Bringing it all back home: segregation-era local TV news

Virginia Center for Digital History Research: Television News of the Civil Rights Era. This new archive at the University of Virginia provides film and primary documents from two local Virginia television stations between 1950 and 1970. The archive gives you a chance to explore one of the Old Dominion’s least proud moments in recent memory, the so-called “Massive Resistance” campaign that sought to fight desegregation and generally resist federal civil rights initiatives.

Particularly shameful to me: a 1958 clip showing then-Superintendent of Newport News’s public schools R.O. Nelson explaining that having three applications from black students to enter a segregated school meant that the city didn’t have to take more direct action to end segregation, and that it planned to continue with business as usual. (There is to this day an elementary school named after Superintendent Nelson in Newport News. In my day, we nicknamed it “B.O. Nelson,” not knowing the deeper reasons we should have had for feeling antipathy to it.) Also: the glossary entry for Newport News noting its role in resisting salary equity for black teachers.

As I learned in 1993 researching the archives of the Daily Press for a paper in Julian Bond’s civil rights class, there’s nothing like finding out what little bits of nastiness were happening in your own home town to really bring home the magnitude of injustice.

(In the interests of completeness, here’s that paper.)

Microsoft Blog Portal 2.0

Jana’s Joint: Blog OPML. The updated version of the Blog Portal (which I worked on right before I left the company—I was there to ship the 1.0 version) brings OPML for collections of Microsoft blogs out of the realm of “easter egg” and into the user interface in an incredibly intuitive way:

The fun part is you can go create your own OPML feeds by using the search function on the page. Each product search for blogs will generate a feed.

So, cool stuff. Next: incorporate the blog search results into regular search. Right, guys? sideways smiley

Mourning: becalmed electric (home improvement projects)

I found a great post on one of my favorite houseblogs, The Old Man and the Street, called Rewired about a total rewiring job that he did. As I read I felt a great sadness, because it was a project I would never be able to do in this house. Apparently Arlington requires that all wiring projects be done by a licensed electrician.

I can understand the rationale for doing that (fire safety, etc.), but other localities take care of those issues with a permit+inspection process. All I really wanted to do was to wire my workshop/storage room, which would require:

  1. Installation of a subpanel in the shop.
  2. Connecting the subpanel to a breaker on the main board (requiring me to fish cable across the ceiling—not a big deal as the access holes in the plaster have already been made at both ends).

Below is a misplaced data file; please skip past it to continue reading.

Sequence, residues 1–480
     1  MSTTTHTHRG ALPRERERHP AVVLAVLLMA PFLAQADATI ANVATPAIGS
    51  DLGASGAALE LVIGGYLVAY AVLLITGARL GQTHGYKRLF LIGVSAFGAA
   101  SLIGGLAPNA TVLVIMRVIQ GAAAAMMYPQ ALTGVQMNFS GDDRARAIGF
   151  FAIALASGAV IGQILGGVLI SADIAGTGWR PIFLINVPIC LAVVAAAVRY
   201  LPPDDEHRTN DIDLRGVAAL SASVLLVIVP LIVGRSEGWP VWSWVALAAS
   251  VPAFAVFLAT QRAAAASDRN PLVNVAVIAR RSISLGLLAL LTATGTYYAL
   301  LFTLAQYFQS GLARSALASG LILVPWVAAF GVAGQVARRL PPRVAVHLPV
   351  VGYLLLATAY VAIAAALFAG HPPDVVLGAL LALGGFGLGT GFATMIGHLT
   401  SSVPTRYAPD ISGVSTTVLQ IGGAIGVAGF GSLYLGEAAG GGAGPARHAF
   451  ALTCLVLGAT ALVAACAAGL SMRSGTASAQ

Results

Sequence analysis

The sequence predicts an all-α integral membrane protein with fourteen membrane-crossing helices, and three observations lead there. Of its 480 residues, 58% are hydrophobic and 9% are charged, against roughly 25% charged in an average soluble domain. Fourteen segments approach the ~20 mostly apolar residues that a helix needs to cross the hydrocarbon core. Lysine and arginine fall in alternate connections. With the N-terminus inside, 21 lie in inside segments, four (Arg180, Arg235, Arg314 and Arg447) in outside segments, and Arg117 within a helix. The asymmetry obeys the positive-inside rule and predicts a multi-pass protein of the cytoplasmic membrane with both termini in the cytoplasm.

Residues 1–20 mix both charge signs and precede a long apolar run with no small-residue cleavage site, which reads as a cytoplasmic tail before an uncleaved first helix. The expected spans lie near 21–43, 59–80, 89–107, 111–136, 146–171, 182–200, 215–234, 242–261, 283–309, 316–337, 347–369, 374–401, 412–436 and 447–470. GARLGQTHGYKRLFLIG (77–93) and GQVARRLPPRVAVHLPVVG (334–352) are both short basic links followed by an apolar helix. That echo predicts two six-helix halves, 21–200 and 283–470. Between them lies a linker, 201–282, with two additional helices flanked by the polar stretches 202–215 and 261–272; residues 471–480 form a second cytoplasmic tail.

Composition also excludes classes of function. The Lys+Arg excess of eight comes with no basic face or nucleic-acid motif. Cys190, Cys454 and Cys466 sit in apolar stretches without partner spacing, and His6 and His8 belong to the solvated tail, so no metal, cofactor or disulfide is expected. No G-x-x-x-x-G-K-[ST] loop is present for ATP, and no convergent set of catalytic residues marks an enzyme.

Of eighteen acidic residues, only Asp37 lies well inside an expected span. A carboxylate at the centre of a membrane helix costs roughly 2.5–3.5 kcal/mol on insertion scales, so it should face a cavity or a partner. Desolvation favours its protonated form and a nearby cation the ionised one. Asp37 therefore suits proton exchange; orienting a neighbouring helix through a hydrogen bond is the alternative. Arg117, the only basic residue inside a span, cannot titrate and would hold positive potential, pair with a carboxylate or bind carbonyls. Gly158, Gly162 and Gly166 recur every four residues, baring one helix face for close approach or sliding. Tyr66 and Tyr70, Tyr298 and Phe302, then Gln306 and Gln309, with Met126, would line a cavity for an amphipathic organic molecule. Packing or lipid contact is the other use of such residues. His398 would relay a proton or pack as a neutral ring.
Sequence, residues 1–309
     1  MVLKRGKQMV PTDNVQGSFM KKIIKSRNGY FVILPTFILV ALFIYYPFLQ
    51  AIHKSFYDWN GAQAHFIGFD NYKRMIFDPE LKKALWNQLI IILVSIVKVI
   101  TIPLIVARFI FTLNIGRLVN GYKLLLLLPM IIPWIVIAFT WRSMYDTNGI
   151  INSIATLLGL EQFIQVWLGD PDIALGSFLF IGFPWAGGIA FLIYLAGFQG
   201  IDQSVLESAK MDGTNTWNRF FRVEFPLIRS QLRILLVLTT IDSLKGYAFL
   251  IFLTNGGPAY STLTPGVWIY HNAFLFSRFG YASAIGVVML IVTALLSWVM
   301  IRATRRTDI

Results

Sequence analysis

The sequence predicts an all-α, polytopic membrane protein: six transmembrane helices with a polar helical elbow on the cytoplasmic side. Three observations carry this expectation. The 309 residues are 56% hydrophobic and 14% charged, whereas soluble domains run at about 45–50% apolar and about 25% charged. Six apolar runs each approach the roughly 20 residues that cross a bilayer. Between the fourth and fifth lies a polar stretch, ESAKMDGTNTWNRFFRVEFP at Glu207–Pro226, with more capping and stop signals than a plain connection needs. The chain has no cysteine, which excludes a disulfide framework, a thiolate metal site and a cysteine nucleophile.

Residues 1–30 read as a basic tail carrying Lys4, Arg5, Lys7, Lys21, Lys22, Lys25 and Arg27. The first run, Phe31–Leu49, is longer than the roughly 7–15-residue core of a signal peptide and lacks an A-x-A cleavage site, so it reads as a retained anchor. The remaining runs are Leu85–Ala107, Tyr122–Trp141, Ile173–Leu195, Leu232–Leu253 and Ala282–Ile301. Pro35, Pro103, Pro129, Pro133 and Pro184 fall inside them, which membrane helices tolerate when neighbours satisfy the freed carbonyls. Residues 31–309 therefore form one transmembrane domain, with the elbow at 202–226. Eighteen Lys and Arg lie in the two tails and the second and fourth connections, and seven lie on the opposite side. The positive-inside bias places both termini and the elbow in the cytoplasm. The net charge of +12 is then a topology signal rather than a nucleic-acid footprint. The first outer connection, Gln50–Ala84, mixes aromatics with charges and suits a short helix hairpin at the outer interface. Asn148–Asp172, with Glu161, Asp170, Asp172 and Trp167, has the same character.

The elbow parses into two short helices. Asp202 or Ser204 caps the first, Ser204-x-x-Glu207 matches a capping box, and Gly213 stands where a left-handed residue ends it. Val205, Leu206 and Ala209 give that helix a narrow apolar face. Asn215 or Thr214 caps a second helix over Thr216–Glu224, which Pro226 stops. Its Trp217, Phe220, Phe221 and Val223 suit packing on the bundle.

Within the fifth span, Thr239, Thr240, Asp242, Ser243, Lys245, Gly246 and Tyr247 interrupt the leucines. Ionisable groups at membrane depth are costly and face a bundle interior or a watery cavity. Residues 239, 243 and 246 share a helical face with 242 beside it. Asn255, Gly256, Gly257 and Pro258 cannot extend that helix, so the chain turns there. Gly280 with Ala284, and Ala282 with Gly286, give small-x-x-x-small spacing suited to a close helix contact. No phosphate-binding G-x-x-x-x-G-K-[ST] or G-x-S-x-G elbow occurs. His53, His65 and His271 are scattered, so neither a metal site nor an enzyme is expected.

3. Installing two 20-amp GFCI circuits to the subpanel, one dedicated one for the miter saw and one to feed the electrical outlets near the workbench. (I also need to have an emergency switch on one or both of those circuits.)
  4. Install a separate circuit for an overhead light (badly needed)

Not trivial, but certainly manageable, and a project that I was looking forward to doing. Now I need to pay a contractor instead. Sigh.

Old South Church

old south church, boston

Last night was my first service as part of the choir at Old South Church. It felt a bit like a homecoming, somehow. We’ve been looking for a church since we got back to the east coast. The challenge for us has been to find a church with a traditional liturgy (in our opinion, a PowerPoint slide showing the lyrics to the song that you’re to sing along with the Christian “praise band” up front does not better a hymnal and an organist) and progressive theology.

Our challenge was made more difficult because, as our Seattle pastor noted when I asked him about Boston area churches, “we Presbyterians aren’t too strong in New England.” There are fewer than ten Presbyterian Church (USA) congregations in the greater Boston area, and after visiting them all we were disappointed. Either they had no music program, or their pastor didn’t challenge us, or we just plain didn’t feel at home.

So it was that we returned to Old South, which is an old, old Congregationalist cum UCC church. How old? The congregation dates back more than 100 years before the Declaration of Independence, to 1669, and their current church building, which is the “new building,” since it was completed in 1875. The pastors are challenging and progressive, as befits a congregation about whom John Greenleaf Whittier once wroteSo, long as Boston shall Boston be,/And her bay-tides rise and fall,/Shall freedom stand in the Old South Church/And plead for the rights of all!”. The new senior minister, Nancy S. Taylor, is already gaining something of a reputation in Boston for her clarion voice on matters of social justice (you can read some of her sermons, such as this recent one on St. Valentine and the conscience of the church, and judge whether it’s a deserved reputation).

Further, the church has a solid music program. I’ve been consistently impressed with the choices of repertoire, and though the choir is a bit small (with me, there are four tenors—maybe five) it’s musical. I’m looking forward to continuing to sing with them.